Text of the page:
This hypertext poem is organized through lines of color arranged in a circle around a common center, designed to evoke a compass. Positioning the mouse over each color line reveals two lines of the poem, the one above labeled as “poetic” and the other as “subpoetic,” creating a contrast between something that corresponds to “northern” and “southern” (or sub-equatorial) poetic traditions. Jason Nelson born and raised in the Midwest of the United States, and working in Griffith University in Australia is a poet of two worlds: a northerner in the southern hemisphere, a place that he describes as “compass confused” because its aborigines are “pulled toward the center” while its European colonizers are “forever pointed north and west.”
Keeping these frames of reference in mind, think of the design of the “poetic” and the “subpoetic” in terms of outward or inward poetic traditions and Jason Nelson’s search for direction as he is lost among ever-multiplying creeks and trails, as seen in the video. Extending this hopelessly mixed metaphor (are you lost yet?): what is his north, and does he even want to go in that direction?
This sequence of poems arranged on three dimensional environments explore conceptual spaces between words. Each poem begins with a sequence of two words which are then represented pictorially on a virtual space, one in the front and another at the end of an open 3D tunnel, similar to the first version of Dreamaphage. As the reader navigates the diverse, visually engaging, and occasionally dizzying environments she encounters poetic texts, e-mail addresses, and passwords that provide access to short videos.
If you feel a bit lost in these spaces, remember the words at the beginning of each section: they are your cardinal points and won’t betray you. And if they do, wasn’t this foreshadowed by the title?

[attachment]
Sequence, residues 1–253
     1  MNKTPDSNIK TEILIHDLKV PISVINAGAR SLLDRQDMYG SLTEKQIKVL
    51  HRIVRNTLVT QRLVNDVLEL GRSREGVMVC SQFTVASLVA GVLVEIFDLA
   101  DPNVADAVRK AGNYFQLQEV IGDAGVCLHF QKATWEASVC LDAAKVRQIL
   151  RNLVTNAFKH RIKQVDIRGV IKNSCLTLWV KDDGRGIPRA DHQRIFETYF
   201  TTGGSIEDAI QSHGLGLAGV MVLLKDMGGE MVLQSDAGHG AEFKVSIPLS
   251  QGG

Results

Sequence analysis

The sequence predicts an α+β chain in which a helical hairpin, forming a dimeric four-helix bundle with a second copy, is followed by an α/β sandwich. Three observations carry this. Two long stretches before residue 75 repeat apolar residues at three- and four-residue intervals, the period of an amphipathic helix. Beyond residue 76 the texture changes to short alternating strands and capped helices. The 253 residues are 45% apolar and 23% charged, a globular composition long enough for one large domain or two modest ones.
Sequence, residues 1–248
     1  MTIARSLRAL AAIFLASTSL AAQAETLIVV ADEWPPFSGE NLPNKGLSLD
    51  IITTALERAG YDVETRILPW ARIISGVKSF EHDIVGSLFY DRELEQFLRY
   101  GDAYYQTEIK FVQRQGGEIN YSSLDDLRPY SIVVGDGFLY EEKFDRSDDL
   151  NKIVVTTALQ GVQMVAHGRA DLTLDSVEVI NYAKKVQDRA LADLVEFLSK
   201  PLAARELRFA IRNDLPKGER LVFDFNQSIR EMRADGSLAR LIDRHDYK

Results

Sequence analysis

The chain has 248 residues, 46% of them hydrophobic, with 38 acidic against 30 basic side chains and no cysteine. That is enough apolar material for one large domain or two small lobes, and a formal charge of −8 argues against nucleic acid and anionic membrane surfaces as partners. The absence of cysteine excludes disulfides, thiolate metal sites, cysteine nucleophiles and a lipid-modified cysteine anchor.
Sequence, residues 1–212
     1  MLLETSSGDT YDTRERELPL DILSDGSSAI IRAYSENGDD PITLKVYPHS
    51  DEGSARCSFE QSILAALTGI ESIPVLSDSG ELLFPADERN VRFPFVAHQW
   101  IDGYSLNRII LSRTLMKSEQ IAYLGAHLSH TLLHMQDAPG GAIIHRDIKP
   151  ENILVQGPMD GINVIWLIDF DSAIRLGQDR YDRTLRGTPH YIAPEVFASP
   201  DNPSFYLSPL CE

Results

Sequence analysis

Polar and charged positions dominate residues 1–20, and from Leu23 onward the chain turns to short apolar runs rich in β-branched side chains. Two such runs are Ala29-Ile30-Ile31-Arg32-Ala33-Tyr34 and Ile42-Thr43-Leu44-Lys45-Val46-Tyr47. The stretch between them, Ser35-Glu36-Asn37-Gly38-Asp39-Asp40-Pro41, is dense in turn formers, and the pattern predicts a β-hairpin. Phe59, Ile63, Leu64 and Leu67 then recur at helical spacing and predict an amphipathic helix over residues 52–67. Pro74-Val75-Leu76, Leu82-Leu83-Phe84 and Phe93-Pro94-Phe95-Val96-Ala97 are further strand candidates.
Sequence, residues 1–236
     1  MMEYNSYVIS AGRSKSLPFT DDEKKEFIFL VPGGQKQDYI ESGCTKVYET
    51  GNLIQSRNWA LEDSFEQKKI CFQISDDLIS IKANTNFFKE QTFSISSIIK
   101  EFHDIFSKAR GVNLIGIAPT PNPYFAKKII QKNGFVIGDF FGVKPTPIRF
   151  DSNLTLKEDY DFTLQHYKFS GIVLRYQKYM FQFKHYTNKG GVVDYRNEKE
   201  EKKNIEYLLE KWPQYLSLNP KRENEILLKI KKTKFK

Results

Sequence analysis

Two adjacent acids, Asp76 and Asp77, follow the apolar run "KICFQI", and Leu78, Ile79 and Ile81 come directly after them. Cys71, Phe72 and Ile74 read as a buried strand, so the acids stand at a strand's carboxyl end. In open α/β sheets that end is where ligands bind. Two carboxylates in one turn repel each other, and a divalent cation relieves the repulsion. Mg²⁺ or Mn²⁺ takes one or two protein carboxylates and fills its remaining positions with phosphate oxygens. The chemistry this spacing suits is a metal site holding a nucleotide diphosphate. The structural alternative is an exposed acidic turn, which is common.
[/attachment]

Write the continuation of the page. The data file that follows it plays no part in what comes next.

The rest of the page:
This minimalist poem hovers right on the edge of being an art piece, because each of its 50 environments offers a different mouse-driven (aimed?) interface and music. The four words positioned on the screen’s cardinal points create a space amid them that is both conceptual and a canvas. What is the relation between words positioned in opposite spaces? How do they relate to the title to each section? How do the sound and animation relate to the words and title? Clicking on the words lead to another node in this wondrously strange hypertext… This intriguing art poem is highly entertaining, as long as you can abandon thoughts of meaning and simply enjoy playing with the piece.
This suite of poems were created from speech to text software listening to different kinds of audio— movies, talk radio, television, and political speeches— and a poetic shaping of the output from that computer operation. This ingenious approach produces some fascinating poems which you might label as “Conceptual writing” or “Flarf poetry” (flip a coin). Part of the interest of this method and its results is how different is the texture of the language produced: